The historic Fox Lake building once made famous as a weekend retreat for mobster Al Capone is up for national online auction on eBay.
The Mineola Lounge and Marina, located on the shores of Fox Lake, was listed Monday on eBay with a starting bid of $2 million.
Owner Pete Jakstas agreed he's taking an unconventional route to try to sell the 17 acres of lakefront property, the Mineola Hotel, the marina and his former home.
"I figured by putting it on eBay, it would draw some bids from around the country," said Jakstas, who has been trying to sell the Mineola for a couple of years. "Hopefully, this will help sell the property on a national market to the right bidder."
After nearly 50 years of working in the same location, he said he's is ready to retire.
The Mineola may not be the largest item up for bid on the Internet auction website, but it is among the quirkiest. Listed on eBay under commercial real estate, it will compete for buyers with the likes of an elementary school in Kentucky, a ghost town in Kansas and the famous Sheepshead Bay Waterfront restaurant in Brooklyn, N.Y.
Attempts to contact an eBay spokesman about the auction were unsuccessful Wednesday.
While the Mineola's opening bid is listed at $2 million, a higher reserve price has been set for the property. Per eBay rules, that undisclosed reserve amount must be reached for the property to sell online.
What a buyer would get, local historians say, is the "Grand Lady of the Lakes" -- even if she has been showing her age for more than a few years.
"It's so beautiful in the old pictures," said Nancy Kubalanza, president of the Grant Township Historical Society. "And, even though it's fallen into disrepair, it's still a shining beacon when you drive by it on a boat and see it from the water."
Kubalanza said the four-story building comes with a vast -- and colorful -- history.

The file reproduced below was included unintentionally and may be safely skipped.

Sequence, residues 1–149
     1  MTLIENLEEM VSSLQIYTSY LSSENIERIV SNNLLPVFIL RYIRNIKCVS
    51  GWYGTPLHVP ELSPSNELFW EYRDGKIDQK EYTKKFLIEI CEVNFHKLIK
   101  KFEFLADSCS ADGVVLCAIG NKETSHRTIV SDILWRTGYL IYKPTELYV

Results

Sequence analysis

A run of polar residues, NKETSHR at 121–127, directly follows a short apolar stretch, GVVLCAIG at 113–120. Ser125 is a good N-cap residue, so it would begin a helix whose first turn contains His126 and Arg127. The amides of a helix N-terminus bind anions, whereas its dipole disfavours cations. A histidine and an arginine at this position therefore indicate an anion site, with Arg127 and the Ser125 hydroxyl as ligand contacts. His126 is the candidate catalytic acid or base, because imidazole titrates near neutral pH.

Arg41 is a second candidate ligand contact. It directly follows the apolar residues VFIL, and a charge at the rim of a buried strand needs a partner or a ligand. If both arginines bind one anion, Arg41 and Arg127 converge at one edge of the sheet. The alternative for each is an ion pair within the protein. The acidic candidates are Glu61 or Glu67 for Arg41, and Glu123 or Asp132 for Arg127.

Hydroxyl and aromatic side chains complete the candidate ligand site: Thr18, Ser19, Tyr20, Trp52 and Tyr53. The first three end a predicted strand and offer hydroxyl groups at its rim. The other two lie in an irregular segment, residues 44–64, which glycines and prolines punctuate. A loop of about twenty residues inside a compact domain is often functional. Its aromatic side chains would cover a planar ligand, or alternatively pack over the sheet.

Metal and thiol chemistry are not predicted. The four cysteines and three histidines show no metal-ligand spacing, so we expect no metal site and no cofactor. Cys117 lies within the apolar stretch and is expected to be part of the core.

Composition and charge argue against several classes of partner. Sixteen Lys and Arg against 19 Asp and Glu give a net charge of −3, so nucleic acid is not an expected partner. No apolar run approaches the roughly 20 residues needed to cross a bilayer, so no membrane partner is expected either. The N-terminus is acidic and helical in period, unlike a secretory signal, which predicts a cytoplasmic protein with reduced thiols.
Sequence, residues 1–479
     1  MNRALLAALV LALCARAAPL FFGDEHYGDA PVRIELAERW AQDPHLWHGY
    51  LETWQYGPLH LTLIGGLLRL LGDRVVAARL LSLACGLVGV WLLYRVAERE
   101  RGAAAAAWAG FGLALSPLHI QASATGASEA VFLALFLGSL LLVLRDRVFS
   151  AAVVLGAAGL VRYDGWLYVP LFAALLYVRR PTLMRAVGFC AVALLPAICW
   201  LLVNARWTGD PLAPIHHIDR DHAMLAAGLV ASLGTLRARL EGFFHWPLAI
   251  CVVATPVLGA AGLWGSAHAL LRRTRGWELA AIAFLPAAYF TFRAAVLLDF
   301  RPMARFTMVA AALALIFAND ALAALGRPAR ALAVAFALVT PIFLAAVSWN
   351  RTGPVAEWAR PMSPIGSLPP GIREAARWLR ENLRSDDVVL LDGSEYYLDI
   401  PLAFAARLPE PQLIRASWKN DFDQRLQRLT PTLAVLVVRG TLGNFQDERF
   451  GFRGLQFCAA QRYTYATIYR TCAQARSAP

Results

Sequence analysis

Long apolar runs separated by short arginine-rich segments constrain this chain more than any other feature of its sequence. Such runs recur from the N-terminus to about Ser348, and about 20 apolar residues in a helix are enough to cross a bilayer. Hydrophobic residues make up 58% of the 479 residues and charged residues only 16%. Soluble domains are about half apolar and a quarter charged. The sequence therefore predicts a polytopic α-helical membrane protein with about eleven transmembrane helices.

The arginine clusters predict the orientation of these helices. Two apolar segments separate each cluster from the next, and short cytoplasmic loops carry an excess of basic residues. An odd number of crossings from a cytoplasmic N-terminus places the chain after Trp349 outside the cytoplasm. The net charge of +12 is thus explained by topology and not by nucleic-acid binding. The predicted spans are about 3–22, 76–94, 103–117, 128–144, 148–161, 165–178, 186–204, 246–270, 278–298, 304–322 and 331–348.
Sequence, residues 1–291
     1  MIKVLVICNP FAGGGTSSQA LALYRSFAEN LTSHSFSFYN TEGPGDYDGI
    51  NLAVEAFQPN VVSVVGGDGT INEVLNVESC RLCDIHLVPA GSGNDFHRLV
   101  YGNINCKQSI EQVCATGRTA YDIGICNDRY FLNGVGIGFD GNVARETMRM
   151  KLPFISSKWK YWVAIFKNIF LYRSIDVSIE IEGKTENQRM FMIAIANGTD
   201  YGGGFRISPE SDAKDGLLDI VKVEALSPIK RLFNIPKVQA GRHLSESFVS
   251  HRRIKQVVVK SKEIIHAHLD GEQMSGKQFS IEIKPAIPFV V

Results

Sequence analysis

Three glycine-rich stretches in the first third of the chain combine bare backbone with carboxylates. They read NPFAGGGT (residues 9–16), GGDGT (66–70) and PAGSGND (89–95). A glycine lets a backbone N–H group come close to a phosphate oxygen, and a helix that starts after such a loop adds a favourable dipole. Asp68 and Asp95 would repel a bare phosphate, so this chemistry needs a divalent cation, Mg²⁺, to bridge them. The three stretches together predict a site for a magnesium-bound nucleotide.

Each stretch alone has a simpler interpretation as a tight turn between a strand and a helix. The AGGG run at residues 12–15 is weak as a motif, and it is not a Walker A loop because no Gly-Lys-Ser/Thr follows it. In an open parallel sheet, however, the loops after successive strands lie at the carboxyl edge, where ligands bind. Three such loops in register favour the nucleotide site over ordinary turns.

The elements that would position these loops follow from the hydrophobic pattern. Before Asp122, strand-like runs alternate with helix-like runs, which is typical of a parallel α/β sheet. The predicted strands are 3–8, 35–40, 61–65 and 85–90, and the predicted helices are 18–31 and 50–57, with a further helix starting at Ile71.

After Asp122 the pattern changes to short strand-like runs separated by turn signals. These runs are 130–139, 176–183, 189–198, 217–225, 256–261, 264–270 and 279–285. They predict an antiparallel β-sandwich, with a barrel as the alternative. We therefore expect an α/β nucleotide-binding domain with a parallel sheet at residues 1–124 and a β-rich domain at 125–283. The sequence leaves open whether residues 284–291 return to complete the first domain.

Built in 1884, it was once listed as the oldest wooden structure in Illinois, and was named to the National Register of Historic Places by the United States Department of Interior and Parks in 1979.
But, the hotel and lounge is best known as the hangout for several mobsters in years leading up to the early 1920s. Among them was Capone, who used Fox Lake and the Mineola as a weekend retreat.
In later years, the Mineola gained a following for the Mineola Fireworks show, a grand annual event known to draw some 20,000 boats on the Fourth of July. It ended when Jakstas retired from organizing it in 2008.
And it's even known to ghost hunters from across the United States who have been clamoring to get inside and search for spirits believed to roam there.
Kubalanza said it would be incredible to see the building renovated or return as a hotel of some kind, but admitted that may be unlikely due to the amount of work the building needs.
"People still ask the historical society if the Mineola is open and operating as a hotel," she said. "Fox Lake really was known because of the Mineola."
Though the Mineola Lounge and restaurant remains open on the ground floor, the upper floors of the hotel have been closed since the early 1960s for safety reasons.
The building's structural integrity has been the subject of a court battle between Jakstas and Fox Lake village officials since 2011.
Building Commissioner Frank Urbina has been working for a year to shutter the hotel, claiming the structure is unsafe and could possibly collapse. Jakstas and his structural engineers have said the Mineola shows some wear and tear due to its age, but most of the damage is cosmetic.
The two sides are due to meet in front of a Lake County judge on May 9. If the judge decides the Mineola is unsafe, Jakstas will be forced to close the restaurant until the building is repaired or torn down.
Fox Lake Mayor Ed Bender said he was shocked to hear the Mineola was up for auction on eBay, but wished Jakstas luck.
"I know he's been trying to sell it for the last two or three years, so I wish him good luck on it," he said. "In today's market, it's going to be tough, but hopefully he can pull it off."
Jakstas said he had hopes of renovating the Mineola. However, the death of his daughter, Karen, in October pushed him in a new direction.
"After Karen died, the entire family said it's time to just sell and get out from under it," he said "So, I made the decision to retire. I'm tired, and with what the village is putting me through, it's time to get out."
eBay: Judge could close building at May 9 hearing